On a stretch of land along the eastern side of Colorado's Arkansas River, enormous, sand-colored rocks pile up on each other, looking as if a giant child had picked up a handful and let them dribble out between her fingers. This rock jumble is overlaid with piñon pine, juniper, and spots of ponderosa. It's land managed by the Bureau of Land Management, and one special part of it, a 6,600-acre area nearly devoid of trails, is known as the Browns Canyon Wilderness Study Area.
Democratic Senator Mark Udall is pushing for protections for Browns Canyon. His proposal, which he is taking comments on at his website, would create a national monument, the Arkansas River National Monument. Part or most of the monument, which would cover around 20,000 acres of BLM and National Forest land, would be designated as wilderness -- you can comment at his site on your preferred option.
Udall's push for the monument designation, which he would try to pass through Congress, got me thinking about the surge in recent monument designations and proposed monuments across the West -- and the corresponding lack of wilderness designations.
In southwest Colorado, President Obama just designated Chimney Rock a monument, after an effort to create the monument legislatively, led by Republican Congressman Scott Tipton and Democratic Senator Michael Bennett, failed to pass the Senate.
Last week, Democratic senators Tom Udall and Jeff Bingaman, of New Mexico, asked the president to consider creating two new national monuments in New Mexico with wilderness level protections. The ask came because the senators fear their proposed legislation to declare the areas part wilderness and add them to the National Landscape Conservation System will go nowhere in a stalled Congress.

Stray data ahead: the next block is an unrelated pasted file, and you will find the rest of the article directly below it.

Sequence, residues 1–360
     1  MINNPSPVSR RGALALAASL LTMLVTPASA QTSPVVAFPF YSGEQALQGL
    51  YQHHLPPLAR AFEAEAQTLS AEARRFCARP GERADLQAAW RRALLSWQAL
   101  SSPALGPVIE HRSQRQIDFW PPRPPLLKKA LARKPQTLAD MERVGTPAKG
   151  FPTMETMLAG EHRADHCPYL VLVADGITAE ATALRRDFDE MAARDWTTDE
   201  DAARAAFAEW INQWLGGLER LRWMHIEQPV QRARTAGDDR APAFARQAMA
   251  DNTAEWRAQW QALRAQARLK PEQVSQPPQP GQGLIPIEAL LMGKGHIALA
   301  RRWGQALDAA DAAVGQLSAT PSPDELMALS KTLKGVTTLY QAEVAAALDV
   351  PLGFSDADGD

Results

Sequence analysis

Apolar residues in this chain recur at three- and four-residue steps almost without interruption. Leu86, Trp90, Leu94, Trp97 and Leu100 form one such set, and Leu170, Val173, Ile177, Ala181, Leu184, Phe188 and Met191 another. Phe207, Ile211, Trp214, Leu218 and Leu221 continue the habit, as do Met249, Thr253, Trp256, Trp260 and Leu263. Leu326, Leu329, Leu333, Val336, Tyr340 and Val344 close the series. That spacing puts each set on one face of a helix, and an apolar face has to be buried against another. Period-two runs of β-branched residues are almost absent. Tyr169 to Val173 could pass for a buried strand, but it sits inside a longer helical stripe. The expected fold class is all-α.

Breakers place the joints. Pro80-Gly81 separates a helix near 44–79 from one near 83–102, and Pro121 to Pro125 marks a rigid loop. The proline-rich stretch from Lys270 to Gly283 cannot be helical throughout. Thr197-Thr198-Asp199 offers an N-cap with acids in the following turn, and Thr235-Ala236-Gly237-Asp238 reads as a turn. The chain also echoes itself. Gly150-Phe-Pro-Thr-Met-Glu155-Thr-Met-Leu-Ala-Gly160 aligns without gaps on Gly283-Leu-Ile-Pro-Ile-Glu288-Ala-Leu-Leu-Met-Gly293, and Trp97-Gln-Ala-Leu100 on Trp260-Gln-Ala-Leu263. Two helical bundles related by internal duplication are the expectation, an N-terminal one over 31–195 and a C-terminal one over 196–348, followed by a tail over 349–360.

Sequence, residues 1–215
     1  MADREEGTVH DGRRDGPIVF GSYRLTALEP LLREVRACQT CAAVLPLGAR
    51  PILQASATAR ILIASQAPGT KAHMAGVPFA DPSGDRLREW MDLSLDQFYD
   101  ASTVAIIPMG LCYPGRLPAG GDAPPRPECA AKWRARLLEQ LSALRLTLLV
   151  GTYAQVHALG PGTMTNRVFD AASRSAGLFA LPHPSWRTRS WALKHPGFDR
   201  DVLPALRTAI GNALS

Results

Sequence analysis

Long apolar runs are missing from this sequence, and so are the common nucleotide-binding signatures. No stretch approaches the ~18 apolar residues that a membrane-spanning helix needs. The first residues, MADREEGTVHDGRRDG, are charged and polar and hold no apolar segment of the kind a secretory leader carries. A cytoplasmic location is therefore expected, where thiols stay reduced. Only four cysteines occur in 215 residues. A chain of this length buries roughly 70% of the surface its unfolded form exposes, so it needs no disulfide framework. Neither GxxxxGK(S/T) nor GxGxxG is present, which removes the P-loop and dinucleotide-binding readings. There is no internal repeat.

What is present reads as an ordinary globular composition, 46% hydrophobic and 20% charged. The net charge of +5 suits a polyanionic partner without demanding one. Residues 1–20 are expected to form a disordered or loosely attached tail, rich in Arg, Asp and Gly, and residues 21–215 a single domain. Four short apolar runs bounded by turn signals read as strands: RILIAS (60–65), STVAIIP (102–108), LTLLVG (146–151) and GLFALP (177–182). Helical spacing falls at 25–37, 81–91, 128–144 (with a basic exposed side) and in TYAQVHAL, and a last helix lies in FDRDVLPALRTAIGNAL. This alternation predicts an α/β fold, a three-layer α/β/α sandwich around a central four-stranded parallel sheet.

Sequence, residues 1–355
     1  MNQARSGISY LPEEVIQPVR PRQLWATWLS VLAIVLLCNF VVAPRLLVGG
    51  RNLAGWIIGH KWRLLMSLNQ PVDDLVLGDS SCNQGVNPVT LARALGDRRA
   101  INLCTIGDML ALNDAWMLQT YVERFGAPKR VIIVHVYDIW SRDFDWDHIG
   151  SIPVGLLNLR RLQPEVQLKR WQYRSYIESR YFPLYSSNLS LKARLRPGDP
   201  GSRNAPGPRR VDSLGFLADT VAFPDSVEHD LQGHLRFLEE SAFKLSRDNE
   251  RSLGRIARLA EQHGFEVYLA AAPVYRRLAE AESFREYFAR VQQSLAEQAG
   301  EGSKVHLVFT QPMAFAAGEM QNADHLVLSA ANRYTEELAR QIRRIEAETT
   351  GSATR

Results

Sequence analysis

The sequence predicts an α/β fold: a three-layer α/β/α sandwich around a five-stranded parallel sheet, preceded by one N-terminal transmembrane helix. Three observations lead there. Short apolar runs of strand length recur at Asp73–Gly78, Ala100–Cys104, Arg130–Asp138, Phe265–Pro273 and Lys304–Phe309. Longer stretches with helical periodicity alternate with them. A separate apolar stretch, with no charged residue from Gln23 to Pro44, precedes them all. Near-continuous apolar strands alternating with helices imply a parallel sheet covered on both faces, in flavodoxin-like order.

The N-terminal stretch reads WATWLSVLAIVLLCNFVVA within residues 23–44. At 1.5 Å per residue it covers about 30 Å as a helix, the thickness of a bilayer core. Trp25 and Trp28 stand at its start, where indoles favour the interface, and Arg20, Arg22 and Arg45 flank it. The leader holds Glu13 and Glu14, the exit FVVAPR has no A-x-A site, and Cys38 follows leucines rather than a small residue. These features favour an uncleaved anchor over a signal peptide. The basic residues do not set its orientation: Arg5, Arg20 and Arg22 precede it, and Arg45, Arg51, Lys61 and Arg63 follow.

In Utah, the Southern Utah Wilderness Alliance and others are pushing national monument designation in an area called the Greater Canyonlands, 1.4 million acres of red rock desert surrounding Canyonlands National Park. This move comes after an effort to add wilderness protections to the area, headed in part by former Utah Republican senator Bob Bennett, failed, and Bennett was ousted by a Tea Party opponent.
In 2005, two Colorado Republicans proposed bills to turn the 6,600-acre wilderness study area portion of Brown's Canyon into wilderness, an idea with nearly unanimous local support. (The Arkansas River is one of the most heavily rafted rivers in the world, and local rafting companies were thrilled to add "raft through wilderness" as another attraction.) Yet, because of opposition by the National Rifle Association, that bill died.
In the current political climate, presidential designations as the only way to get wilderness level protections on key landscapes.
"The current Congress we have, the 112th,, is poised to be the first Congress since 1966 to not protect a single acre of wilderness," says Ryan Bidwell, associate director of the Wilderness Society's National Monument Campaign.